Mayoral hopeful Dr. Willie Wilson on Friday, December 9, held an appreciation Christmas luncheon at a high-end restaurant where he also promised to establish a City Hall Veterans office. The office will be staffed by veterans, with satellite offices throughout Chicago. Wilson wants to reopen and rehab shuttered schools for use by homeless veterans and create an amber alert system to round up missing students.
Speaking to more than 200 diverse veterans at Maggiano’s Restaurant on North Clark Street, Wilson addressed the issue of homeless veterans on various levels.
For years, Wilson has given money to homeless people living under the viaducts and in tent cities throughout Chicago. He walks into the camps and hands people living there crisp $100 bills—giving some even more.
He told the Chicago Crusader he plans on reopening and rehabbing closed schools for homeless veterans.
“We pay and maintain them just to keep them closed, so why not reopen them for a good cause?”
Wilson said homeless veterans are a good cause especially since there are too many vacant houses. “No one’s home should be on the streets of Chicago,” he said.
Referring to the rehabbing of empty schools and abandoned buildings, Wilson explained, “We then can create an economic powerhouse.” He said this is important, to create one community and act in a unified manner, to be successful.
“Our veterans have sacrificed for this country and secured our freedom. Too many have been forgotten and are struggling with homelessness, food insecurity, and a lack of health services.”
Wilson vowed to establish satellite veteran offices throughout the city of Chicago, including one on the West Side, South Side, North and East sides with all linked to the City Hall Veterans office for unity and the same communication. The offices, he said, would be a coalition of diverse veterans. “Veterans need to be taken care of because they have protected us,” he remarked.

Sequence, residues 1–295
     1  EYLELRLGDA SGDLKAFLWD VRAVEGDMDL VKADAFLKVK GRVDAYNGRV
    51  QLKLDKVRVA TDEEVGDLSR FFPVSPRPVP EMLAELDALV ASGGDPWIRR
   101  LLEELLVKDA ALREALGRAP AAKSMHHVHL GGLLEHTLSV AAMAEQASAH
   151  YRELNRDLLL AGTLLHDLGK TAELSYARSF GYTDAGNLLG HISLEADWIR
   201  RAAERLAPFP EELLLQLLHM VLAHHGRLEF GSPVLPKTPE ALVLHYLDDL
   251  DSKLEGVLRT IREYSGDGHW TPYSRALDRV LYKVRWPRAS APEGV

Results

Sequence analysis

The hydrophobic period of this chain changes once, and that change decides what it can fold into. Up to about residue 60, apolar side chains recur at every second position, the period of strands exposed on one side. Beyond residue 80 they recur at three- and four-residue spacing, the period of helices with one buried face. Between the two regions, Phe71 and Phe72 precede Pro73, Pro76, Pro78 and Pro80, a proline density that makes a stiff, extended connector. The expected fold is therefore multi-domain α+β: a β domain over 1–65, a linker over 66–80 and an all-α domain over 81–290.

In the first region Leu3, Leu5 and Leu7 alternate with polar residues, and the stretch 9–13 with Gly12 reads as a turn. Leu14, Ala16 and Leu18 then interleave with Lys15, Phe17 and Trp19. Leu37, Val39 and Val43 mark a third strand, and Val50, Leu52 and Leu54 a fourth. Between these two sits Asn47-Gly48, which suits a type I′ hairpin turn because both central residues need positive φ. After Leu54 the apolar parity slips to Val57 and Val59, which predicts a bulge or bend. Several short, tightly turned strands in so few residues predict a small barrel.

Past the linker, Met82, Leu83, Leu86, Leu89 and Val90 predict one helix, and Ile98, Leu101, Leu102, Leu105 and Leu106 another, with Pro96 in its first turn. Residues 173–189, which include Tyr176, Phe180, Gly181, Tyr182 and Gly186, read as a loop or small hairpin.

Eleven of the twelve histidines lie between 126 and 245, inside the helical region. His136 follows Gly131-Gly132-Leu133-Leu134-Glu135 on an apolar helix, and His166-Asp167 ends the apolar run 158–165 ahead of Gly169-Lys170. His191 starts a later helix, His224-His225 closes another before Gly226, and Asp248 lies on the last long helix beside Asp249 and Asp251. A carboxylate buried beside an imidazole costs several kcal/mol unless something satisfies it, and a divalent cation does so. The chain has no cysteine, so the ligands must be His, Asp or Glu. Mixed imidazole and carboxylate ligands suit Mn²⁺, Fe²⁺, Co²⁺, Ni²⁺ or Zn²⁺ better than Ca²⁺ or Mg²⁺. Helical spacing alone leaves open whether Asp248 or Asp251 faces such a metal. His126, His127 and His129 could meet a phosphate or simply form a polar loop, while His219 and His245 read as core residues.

Wilson said he planned the luncheon so that the veterans could personally tell him their needs and concerns. He also provided a resource table for veterans during the event.
Speaking at the luncheon was Joseph (Joe) D. Perillo, a Chicago native and multi-millionaire BMW dealership owner, who repeatedly praised Wilson.
Perillo said he spent a few hours with Wilson and called him “very interesting” and “the solution to many of Chicago’s problems.”
“I was born and raised on the West Side,” Perillo told the audience. “I can relate to some of these kids. My father died when I was 13. My mother came from Italy.
“My role models were not doctors and lawyers,” Perillo said.
“I went to the Army at age 17 and saw that America was a great place.” Rather than emulate those he saw who were breaking the law, Perillo said he decided to work hard.
“I really feel sorry for those young kids who are stealing,” he said. “They are being let go by judges if they commit a crime. They should penalize them. They should give them two years in the Army. Give them a choice,” he said referring to sending them to the Army instead of letting them off the hook for their crimes.